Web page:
I spent a pleasant hour last week enjoying lunch with members of the Lifelong Learning program at Shepherd University. While there, I spent a good bit of time conversing with local resident John Burns, a delightful gentleman with whom to share conversation.
While talking, John literally made me laugh out loud with a comment of something that has routinely caught his eye in the paper. I will say, it is not only in the Chronicle, but in all papers, that he has observed changing phrases that mean the same thing.
The phrases to which I refer are those that announce the death of an individual. On the obituary page, we share obituaries provided by the families and/or funeral homes to make others aware of the passing of community members.
What has caught John's eye over time are the multiple ways that one can say an individual "died." As he began to rattle off some possibilities that included "passed away," "went to be with the Lord," and "departed this life," my mind began to focus on exactly what other ways this announcement of one's final breath are given.
And so began the research over the past year and a half of obituaries that have run in The Chronicle. John is right: there are a lot of ways people say "died." While the most common phrase is "passed away," and "died," (along with variations of these two such as "passed peacefully" or "gently passed away," there are multiple other ways that have cropped up in our small paper.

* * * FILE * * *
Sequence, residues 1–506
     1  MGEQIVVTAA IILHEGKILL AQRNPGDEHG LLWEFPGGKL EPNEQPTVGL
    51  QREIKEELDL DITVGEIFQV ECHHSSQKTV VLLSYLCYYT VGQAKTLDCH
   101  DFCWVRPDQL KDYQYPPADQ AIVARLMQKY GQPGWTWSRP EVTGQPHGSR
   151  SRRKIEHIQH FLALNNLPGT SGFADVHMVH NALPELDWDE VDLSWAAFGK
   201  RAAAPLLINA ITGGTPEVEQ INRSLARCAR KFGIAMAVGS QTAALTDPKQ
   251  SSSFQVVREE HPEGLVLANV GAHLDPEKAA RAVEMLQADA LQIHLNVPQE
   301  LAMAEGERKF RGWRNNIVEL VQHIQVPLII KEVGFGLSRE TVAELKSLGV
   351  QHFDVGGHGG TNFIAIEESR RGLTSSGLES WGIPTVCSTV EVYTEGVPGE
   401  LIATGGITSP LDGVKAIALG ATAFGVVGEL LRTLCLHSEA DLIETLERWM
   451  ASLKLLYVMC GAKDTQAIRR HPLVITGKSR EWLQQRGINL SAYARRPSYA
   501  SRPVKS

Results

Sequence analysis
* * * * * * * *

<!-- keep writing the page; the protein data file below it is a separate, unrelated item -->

Many individuals "went to be with the Lord," or "went home to be with the Lord." Others have "walked peacefully into the arms of the Lord" or "entered into the presence of the Lord." One individual "peacefully wnt to be with his Lord and Savior" while another "finished his long journey home."
Individuals have "passed from this life," and "entered into eternal rest."
Whatever the phrase that is sent to us here at the Chronicle, that is the one we print. It is a final tribute to the decedent to print their obituary as the family requests and something we gladly do. I mean no disrespect on any of the choices of wording mentioned above, but simply point out the differences that are prevalent and the fact that at least one faithful reader has taken the time over the years to notice those differences.
We value your support and readership, John Burns!